A shareholder or stockholder is an individual or company (including a corporation), that legally owns one or more shares of stock in a joint stock company. Companies listed at the stock market strive to enhance shareholder value. Stockholders are granted special privileges depending on the class of stock, including the right to vote (usually one vote per share owned) on matters such as elections to the board of directors, the right to share in distributions of the company's income, the right to purchase new shares issued by the company, and the right to a company's assets during a liquidation of the company. However, stockholder's rights to a company's assets are subordinate to the rights of the company's creditors. This means that stockholders typically receive nothing if a company is liquidated after bankruptcy, although a stock may have value after a bankruptcy if there is the possibility that the debts of the company will be restructured.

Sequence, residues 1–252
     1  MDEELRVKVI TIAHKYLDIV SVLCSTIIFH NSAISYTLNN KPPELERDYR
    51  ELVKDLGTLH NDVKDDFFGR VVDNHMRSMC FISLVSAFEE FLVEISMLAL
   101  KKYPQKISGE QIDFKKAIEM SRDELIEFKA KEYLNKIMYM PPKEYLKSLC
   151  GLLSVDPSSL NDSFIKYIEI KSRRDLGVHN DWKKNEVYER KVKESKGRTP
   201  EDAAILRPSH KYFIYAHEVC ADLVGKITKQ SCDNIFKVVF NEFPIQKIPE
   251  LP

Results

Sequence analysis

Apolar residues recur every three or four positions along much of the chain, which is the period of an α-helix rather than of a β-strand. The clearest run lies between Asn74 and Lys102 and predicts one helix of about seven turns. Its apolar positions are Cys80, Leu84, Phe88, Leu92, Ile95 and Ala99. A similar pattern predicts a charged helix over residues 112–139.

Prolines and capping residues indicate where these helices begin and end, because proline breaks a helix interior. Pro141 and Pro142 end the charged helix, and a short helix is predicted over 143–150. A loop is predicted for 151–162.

Stockholders or shareholders are considered by some to be a partial subset of stakeholders, which may include anyone who has a direct or indirect equity interest in the business entity or someone with even a non-pecuniary interest in a non-profit organization.
For example, in California, majority shareholders of closely held corporations have a duty to not destroy the value of the shares held by minority shareholders.
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